Hearing loss now strongly linked to cognitive decline

PHOTO BY KAILA JONES

Research by John Hopkins University has confirmed what many audiologists and physicians have long suspected: that there is an irrefutable link between hearing loss and cognitive decline. Initial problems like memory loss can worsen over time and, left untreated, may eventually lead to dementia and other forms of cognitive impairment. In fact, studies have shown that individuals with moderate hearing loss were three times more likely to develop dementia.

“Losing one’s cognitive ability is the No. 1 fear of people of all ages,” said Dr. Aaron Liebman, board certified audiologist and owner of Aaron’s Hearing Care in Vero Beach. “Since cognitive decline goes hand in hand with hearing loss, the best thing you can do to prevent that decline is to get your hearing tested and get properly fitted hearing aids if necessary. Even if you don’t need them right away, a test will give the audiologist a baseline reference for future reference.”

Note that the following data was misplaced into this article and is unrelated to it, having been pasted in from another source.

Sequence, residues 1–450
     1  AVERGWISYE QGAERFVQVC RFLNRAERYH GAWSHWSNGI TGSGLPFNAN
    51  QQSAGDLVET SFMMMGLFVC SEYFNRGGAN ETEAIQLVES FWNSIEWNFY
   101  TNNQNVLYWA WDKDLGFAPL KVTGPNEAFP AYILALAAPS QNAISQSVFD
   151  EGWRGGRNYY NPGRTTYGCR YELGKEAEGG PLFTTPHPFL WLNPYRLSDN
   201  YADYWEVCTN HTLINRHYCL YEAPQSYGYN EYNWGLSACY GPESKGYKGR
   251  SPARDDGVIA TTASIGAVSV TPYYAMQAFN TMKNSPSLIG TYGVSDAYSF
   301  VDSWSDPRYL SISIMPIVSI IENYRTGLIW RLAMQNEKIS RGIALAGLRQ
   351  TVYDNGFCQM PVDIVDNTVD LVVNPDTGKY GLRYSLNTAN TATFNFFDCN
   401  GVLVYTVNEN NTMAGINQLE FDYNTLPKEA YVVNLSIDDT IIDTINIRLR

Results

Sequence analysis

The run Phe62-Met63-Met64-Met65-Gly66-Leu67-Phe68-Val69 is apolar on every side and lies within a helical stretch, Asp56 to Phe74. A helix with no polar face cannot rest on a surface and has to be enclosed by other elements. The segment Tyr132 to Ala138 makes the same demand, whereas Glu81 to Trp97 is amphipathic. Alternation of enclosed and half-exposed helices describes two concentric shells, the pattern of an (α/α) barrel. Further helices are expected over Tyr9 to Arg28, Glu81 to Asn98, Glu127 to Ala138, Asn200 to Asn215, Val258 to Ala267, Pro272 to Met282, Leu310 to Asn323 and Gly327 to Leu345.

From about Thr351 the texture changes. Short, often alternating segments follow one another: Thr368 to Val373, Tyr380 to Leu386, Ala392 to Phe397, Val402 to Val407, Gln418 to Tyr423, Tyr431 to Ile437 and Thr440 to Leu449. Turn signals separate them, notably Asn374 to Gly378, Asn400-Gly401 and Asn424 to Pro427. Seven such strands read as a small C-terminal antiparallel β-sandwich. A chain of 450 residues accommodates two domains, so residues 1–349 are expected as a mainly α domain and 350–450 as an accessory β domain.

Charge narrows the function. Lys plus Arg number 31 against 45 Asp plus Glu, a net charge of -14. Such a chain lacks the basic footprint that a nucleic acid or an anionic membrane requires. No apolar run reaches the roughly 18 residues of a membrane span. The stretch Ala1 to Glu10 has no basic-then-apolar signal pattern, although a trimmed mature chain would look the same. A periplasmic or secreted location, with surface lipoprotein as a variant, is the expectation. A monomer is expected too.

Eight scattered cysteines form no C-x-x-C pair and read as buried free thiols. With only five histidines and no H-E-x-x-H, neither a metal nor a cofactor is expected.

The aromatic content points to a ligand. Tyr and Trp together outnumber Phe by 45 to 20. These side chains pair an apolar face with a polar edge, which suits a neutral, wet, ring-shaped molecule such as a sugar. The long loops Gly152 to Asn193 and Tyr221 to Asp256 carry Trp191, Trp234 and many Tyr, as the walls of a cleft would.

It’s now scientifically proven that the slow onset of hearing loss can have a significant impact on several key brain functions, including the memory, hearing, speech and language portions of cognition. It may be that the brain experiences an increased cognitive load when trying to hear properly and it taxes the resources that would otherwise be available for memory and concentration. The proactive management of hearing loss may delay or slow down the progression of cognitive decline.

“Hearing loss is the third most common health problem in the United States, following heart and arthritis issues,” said Dr. Liebman. “Yet according to the Centers for Disease Control and Prevention and Better Hearing Institute, the statistics for screening are alarming. While 74 percent of adults have their eyes examined every two years and 63 percent will visit a dentist each year, only 23 percent of adults receive any form of hearing screening during a physical exam. This is a shame because early detection of hearing loss can effectively slow down the mental decline.”